The most ridiculous scene (as far as I got) was the evil one killed someone by using a handheld computer to access the database of medical devices they produced/provided OS for, and took over a competitor's pacemaker and made it look like he had a heart attack. Tried searching for it, but can't find it.


message 3: by Daniel (new)

Daniel | 20 comments Yep. Somewhere in the middle of Robert Jordan's Robert Jordan 3rd or 4th book I became utterly disenchanted. I loved The Eye of the World,The Eye of the World but I couldn't stomach the thought of reading all of the other becasue the story slowed down to a snails pace.


message 4: by Joshua (new)

Joshua (JoshuaCaleb) | 38 comments I read the first in the Percy Jackson series, but didn't really enjoy it. While the concept was interesting it just didn't catch me enough to even try to finish the series. I barely finished the first book.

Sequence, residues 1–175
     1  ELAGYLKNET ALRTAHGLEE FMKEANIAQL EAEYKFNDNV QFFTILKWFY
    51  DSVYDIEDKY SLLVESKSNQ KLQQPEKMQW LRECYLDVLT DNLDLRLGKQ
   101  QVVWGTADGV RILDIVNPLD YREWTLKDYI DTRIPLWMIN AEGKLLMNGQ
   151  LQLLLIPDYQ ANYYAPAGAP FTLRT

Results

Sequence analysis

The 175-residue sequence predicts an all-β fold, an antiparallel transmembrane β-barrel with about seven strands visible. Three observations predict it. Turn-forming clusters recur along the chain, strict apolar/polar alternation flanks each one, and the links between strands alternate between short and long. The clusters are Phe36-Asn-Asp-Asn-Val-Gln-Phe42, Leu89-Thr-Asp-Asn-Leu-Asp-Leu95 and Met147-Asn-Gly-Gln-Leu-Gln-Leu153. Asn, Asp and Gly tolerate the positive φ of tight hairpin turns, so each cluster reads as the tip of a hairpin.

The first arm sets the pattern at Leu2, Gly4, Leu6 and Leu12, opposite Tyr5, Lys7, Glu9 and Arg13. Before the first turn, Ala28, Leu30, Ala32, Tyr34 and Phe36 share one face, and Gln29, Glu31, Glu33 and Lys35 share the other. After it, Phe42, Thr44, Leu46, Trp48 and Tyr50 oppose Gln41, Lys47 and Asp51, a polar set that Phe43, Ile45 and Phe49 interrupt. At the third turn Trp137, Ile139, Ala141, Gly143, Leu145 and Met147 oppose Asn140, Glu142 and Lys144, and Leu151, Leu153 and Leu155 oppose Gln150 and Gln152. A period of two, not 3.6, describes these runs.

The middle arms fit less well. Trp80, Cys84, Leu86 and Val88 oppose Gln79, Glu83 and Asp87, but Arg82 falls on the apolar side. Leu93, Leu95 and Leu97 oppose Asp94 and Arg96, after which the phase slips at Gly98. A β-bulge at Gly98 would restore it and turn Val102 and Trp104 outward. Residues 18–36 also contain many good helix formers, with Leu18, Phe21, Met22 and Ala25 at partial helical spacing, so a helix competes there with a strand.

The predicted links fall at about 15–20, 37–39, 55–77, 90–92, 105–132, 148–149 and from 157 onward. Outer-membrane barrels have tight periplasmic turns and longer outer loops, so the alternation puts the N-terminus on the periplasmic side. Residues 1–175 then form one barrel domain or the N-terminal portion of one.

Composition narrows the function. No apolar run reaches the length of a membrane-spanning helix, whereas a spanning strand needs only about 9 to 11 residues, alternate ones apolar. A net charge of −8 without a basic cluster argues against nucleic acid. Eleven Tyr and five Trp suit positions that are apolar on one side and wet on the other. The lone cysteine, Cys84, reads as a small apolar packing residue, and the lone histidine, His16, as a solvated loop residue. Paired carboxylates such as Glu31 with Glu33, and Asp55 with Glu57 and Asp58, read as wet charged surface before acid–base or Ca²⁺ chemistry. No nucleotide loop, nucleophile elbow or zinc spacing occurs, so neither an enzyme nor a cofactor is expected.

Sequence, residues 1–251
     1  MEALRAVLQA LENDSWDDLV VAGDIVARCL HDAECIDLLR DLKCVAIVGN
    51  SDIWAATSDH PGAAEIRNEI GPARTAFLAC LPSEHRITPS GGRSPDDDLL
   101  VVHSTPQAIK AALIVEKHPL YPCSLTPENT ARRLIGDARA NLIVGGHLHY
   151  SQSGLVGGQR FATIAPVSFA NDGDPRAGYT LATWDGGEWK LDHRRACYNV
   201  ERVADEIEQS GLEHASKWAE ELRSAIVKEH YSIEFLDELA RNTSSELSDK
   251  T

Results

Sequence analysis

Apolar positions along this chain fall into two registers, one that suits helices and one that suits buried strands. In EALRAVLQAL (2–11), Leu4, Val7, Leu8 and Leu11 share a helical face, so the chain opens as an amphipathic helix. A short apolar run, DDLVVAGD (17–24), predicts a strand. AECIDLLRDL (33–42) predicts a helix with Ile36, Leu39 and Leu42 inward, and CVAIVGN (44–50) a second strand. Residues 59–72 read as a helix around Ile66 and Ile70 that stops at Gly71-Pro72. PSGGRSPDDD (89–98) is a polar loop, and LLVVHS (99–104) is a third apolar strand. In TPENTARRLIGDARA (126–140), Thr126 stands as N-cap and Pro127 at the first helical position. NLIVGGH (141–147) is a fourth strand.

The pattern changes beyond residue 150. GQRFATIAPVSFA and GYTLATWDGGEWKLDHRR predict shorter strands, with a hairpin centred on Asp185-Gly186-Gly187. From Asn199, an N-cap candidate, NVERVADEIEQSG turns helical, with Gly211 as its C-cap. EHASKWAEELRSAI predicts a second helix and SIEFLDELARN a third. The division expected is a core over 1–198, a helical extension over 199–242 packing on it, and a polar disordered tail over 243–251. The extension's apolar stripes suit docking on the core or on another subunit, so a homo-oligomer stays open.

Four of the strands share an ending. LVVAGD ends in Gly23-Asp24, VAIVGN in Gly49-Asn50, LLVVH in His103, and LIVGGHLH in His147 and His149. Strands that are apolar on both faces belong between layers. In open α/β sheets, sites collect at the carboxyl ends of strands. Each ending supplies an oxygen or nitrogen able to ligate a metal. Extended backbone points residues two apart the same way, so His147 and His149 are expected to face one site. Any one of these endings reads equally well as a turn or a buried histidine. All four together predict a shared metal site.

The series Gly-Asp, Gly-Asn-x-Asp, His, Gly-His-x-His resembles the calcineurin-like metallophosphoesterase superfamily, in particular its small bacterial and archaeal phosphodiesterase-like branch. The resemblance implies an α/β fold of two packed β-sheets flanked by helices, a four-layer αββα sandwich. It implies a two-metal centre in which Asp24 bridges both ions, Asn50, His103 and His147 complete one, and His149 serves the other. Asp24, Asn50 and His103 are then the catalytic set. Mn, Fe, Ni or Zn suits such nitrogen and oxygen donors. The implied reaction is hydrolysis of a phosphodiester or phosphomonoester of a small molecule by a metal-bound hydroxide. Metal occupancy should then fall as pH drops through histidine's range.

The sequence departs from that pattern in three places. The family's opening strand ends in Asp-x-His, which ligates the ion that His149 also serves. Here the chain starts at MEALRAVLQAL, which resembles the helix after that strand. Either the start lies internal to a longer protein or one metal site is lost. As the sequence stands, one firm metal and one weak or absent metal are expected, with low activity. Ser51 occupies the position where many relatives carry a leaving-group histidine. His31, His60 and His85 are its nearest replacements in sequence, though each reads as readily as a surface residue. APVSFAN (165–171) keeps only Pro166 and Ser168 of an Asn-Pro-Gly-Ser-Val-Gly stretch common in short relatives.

message 5: by Melissa (new)

Melissa Lashley (effjay) | 6 comments Daniel wrote: "Yep. Somewhere in the middle of Robert Jordan's Robert Jordan 3rd or 4th book I became utterly disenchanted. I loved The Eye of the World,The Eye of the World but I coul..."

What? You didn't like the detailed descriptions of dresses every time they changed (about 20 times a day) ;-)


message 6: by Vance (new)

Vance | 362 comments I gave up on Jordan after the 3,000th reference to a girl pulling on her braid an angst.


message 7: by Sean (new)

Sean O'Hara (seanohara) | 2365 comments Vance wrote: "I gave up on Jordan after the 3,000th reference to a girl pulling on her braid an angst."

So, chapter two of the first book?


message 8: by Sean (new)